Great Conversations Over Outstanding Essays on Students’ Civic Futures
Teachers, get yourselves in on some excellent online conversations about students’ civic education and participation.
The online project “Writing Our Civic Futures” features an essay by an outstanding educator each month — but the twist is that it includes a facility for readers to comment and carry on side discussions about the issues and ideas raised in the essay. Anyone can read the comments, but you must sign up and sign in with a free annotation service, hypothes.is in order to add your own thoughts.
The December essay is “Critical Literacy and Our Students’ Lives” by Linda Christensen, from the March 2017 issue of Voices from the Middle. (Click the little left-pointing caret-arrow at the top right of the page to see the many comments — or click on the essay text to get them out of the way.) Christensen describes her journey to more meaningful teaching and learning in which she has come to focus on helping students find and effectively use their voices to address the important issues in their lives. As she puts it:
Teaching language arts means plumbing my students’ lives to bring their stories and voices into the classroom.
These days I attempt to teach a critical literacy that equips students to “read” power relationships at the same time it imparts academic skills. I try to make my literacy work a sustained argument against inequality and injustice. I want my students to be able to “talk back” when they encounter anything that glorifies one race, one culture, one social class, one gender, one language over another: texts, museums, commercials, classes, rules that hide or disguise domination. A critical literacy means that students probe who benefits and who suffers, how did it come to be this way, what are the alternatives, and how can we make things more just?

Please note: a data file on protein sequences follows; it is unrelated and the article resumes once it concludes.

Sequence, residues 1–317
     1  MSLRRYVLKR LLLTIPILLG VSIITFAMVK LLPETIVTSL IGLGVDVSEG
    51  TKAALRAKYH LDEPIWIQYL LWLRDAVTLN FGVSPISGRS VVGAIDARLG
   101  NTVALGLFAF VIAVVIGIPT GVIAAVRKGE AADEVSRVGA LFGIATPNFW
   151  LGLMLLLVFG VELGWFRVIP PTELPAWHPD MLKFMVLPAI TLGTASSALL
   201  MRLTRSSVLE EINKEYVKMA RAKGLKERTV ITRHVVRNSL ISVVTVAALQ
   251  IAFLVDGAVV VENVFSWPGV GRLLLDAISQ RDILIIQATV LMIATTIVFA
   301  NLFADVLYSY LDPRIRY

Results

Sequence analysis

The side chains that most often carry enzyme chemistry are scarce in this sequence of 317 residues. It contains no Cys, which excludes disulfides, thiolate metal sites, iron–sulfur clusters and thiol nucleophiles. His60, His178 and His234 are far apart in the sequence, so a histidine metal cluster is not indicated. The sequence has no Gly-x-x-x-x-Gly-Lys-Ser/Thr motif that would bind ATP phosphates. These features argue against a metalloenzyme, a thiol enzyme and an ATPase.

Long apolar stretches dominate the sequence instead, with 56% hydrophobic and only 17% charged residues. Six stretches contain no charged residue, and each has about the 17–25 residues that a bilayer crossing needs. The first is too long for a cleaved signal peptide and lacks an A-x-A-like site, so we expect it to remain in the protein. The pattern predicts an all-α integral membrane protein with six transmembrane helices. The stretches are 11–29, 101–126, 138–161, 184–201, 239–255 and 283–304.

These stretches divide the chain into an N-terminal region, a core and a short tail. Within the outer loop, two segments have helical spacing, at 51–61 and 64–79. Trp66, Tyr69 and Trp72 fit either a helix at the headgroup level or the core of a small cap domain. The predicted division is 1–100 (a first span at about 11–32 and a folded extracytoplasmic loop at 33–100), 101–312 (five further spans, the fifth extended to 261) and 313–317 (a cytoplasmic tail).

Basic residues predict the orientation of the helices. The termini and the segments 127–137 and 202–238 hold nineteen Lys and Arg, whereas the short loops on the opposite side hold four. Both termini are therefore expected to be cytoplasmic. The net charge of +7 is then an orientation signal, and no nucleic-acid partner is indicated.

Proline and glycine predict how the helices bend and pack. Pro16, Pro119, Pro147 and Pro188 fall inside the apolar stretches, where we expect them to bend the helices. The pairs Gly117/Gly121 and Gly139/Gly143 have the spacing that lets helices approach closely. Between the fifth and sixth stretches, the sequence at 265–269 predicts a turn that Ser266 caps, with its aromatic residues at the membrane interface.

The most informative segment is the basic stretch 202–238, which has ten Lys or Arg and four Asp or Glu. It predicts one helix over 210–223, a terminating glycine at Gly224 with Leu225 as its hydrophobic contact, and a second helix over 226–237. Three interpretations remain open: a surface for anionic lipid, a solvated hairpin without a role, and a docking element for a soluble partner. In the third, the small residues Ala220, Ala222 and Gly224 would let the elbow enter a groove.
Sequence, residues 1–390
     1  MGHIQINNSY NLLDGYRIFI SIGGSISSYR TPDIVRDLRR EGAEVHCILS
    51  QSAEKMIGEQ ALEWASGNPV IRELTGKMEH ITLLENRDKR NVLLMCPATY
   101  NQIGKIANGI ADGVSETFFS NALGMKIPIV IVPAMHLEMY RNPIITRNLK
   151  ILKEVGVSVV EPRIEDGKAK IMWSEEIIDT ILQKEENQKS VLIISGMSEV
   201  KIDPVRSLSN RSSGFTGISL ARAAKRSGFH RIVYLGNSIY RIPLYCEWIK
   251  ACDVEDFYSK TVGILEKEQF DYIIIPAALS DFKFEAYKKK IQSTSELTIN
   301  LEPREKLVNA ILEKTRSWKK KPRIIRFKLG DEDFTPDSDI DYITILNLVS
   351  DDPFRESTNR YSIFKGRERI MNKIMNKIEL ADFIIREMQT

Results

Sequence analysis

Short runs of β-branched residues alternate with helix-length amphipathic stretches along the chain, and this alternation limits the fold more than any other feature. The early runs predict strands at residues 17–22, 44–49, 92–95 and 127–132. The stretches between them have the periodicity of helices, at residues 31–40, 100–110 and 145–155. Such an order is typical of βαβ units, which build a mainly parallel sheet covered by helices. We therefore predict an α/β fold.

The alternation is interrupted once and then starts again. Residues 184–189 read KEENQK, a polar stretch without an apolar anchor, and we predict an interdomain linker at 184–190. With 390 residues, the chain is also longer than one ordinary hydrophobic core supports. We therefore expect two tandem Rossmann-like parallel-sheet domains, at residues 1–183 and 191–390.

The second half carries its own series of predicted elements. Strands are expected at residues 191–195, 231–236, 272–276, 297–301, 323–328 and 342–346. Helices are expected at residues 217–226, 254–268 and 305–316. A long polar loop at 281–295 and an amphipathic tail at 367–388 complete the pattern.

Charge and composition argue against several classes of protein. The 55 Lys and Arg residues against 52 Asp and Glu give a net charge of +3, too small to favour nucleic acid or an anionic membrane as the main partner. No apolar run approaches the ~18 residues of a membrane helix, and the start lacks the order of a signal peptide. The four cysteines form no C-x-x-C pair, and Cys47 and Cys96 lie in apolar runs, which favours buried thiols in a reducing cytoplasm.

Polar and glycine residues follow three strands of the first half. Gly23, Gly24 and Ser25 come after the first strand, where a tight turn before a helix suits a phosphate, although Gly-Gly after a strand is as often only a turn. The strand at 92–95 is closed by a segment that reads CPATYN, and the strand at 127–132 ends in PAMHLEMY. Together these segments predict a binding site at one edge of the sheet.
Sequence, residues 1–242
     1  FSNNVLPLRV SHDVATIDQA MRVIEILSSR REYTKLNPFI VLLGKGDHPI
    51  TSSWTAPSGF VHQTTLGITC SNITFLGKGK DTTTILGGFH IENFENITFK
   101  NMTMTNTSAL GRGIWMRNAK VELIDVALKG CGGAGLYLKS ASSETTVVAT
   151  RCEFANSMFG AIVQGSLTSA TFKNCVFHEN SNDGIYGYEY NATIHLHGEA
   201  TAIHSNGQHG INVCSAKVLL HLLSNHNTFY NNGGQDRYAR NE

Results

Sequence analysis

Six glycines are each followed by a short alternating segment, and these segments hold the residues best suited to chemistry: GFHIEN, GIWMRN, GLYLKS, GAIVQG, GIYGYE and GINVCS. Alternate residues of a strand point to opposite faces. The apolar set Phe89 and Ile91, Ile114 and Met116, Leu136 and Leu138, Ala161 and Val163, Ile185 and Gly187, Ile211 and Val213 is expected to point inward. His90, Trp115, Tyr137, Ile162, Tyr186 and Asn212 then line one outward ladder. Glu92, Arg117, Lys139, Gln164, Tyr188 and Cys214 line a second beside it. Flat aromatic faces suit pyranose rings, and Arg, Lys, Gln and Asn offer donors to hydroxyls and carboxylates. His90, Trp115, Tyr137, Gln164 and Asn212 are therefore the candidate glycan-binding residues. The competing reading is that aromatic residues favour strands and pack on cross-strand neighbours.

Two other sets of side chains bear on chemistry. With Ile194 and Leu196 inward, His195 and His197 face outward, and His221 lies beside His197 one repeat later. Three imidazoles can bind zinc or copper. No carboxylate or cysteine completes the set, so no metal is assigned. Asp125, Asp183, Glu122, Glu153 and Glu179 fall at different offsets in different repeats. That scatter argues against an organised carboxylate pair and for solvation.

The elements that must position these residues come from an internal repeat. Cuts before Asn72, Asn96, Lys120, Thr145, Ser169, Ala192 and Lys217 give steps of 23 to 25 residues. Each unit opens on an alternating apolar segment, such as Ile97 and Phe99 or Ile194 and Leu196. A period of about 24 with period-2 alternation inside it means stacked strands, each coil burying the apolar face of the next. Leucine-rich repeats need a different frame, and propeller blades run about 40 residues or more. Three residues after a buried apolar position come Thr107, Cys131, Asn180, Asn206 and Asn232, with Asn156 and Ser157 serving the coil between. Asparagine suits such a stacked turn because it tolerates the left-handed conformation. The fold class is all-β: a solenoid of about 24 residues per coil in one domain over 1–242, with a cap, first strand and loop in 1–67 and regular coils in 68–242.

Christensen goes on to describe a unit on gentrification (that makes me extremely jealous as a teacher) built first around students’ writing about struggles in — or good things about — their own homes. Then they read both fiction and informational material about the issue. An inspiring and powerful project. Christensen works with students in a struggling neighborhood, but I expect that the unit would be highly enlightening for young people in better-off areas as well.
So get on board! And by the way, a piece by me will be featured next May, so I hope you’ll have plenty to say (whether agreeable or challenging) when my turn comes.